Main image of article Facebook, Google Topped Apps in 2016
shutterstock_443223595 Facebook and Google owned eight of the top 10 U.S. smartphone apps in 2016, according to a new list from research firm Nielsen. The firm based its list on average unique audiences for individual apps. The top app, Facebook, had approximately 146,027,000 users in 2016, and racked up year-over-year growth of 14 percent. The rest of the apps, in descending order, included:
  1. Facebook
  2. Facebook Messenger
  3. YouTube
  4. Google Maps
  5. Google Search
  6. Google Play
  7. Gmail
  8. Instagram
  9. Apple Music
  10. Amazon App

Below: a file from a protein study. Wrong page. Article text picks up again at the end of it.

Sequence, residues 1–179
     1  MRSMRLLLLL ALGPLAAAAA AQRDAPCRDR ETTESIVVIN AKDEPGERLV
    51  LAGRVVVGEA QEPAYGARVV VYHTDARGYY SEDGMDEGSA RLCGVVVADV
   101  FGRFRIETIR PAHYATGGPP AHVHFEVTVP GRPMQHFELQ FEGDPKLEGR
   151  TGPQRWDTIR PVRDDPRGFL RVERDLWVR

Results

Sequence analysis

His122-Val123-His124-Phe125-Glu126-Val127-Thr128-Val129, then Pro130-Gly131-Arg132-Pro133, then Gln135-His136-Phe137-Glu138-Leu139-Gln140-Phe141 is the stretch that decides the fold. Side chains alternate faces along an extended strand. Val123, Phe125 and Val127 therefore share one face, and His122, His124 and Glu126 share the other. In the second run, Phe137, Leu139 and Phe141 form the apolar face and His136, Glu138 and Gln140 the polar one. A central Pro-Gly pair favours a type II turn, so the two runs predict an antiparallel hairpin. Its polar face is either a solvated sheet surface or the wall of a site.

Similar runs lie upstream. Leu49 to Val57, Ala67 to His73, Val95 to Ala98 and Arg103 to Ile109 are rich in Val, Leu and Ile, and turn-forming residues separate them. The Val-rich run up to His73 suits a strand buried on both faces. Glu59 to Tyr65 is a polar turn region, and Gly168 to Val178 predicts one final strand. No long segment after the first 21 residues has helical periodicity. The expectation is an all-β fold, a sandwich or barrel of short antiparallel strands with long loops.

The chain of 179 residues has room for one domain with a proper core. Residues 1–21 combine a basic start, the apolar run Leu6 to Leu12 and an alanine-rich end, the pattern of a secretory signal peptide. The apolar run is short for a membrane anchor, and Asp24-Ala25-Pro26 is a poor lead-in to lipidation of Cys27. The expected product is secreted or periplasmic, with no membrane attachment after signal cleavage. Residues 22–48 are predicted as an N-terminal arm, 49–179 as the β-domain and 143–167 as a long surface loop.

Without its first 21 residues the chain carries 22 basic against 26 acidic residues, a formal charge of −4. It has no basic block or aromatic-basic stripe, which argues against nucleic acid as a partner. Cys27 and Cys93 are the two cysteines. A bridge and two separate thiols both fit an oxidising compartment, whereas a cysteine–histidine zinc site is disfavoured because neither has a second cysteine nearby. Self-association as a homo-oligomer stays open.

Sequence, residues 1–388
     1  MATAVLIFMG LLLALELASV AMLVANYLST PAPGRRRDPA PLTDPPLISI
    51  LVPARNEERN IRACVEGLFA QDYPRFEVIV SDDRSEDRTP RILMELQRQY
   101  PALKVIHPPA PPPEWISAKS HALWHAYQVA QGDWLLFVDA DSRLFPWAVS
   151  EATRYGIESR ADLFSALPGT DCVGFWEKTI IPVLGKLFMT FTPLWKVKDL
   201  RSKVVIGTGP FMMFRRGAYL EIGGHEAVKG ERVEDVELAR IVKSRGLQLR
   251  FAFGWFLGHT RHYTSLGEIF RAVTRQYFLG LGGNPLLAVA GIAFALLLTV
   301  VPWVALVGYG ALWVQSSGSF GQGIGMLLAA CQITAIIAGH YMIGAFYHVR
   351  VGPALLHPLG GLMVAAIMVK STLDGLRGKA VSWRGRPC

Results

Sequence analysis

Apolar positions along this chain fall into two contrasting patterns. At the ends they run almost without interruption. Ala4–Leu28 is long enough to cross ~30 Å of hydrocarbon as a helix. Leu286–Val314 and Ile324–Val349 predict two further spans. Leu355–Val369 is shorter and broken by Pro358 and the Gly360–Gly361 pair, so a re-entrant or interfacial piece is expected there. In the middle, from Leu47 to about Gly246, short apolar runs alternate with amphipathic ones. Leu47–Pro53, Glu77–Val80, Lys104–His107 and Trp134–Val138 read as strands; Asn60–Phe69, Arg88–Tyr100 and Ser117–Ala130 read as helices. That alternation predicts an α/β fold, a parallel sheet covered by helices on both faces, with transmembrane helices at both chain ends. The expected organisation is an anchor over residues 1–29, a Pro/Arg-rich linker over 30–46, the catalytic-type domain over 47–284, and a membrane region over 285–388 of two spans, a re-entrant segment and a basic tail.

As part of its findings, Nielsen also offered some insight into the U.S. smartphone market as a whole. Between January and September 2016, for example, smartphone penetration increased from 86 percent to 88 percent of U.S. mobile subscribers. A slim majority (86 percent) of those subscribers used Android, while 45 percent relied on Apple’s iOS: Android iOS Graph In addition, two percent of U.S. smartphone owners still used Windows Phone, while one percent continued to carry a BlackBerry. Over the past few years, both platforms struggled against the duopoly of Android and iOS, only to end up overwhelmed; the gargantuan size of the Apple and Google app stores made it especially hard for Microsoft and Research In Motion (later rebranded as BlackBerry) to gain traction among developers and users. It’s perhaps no surprise that Facebook, Google, Apple, and Amazon dominate Nielsen’s list of top apps. After all, all four companies provide services collectively used by billions of people. Google’s various apps come bundled with Android, and Apple Music is integrated into iOS, making it that much easier for Google and Apple to put key apps right in front of their users. Those big brands’ dominance of smartphones’ precious screen real estate makes it that much harder for other, smaller apps to “break through,” especially if those tinier rivals focus on a category such as communication or media. With lifespans short even for bestselling apps, smaller developers need to have a marketing and outreach plan in place well before their release date.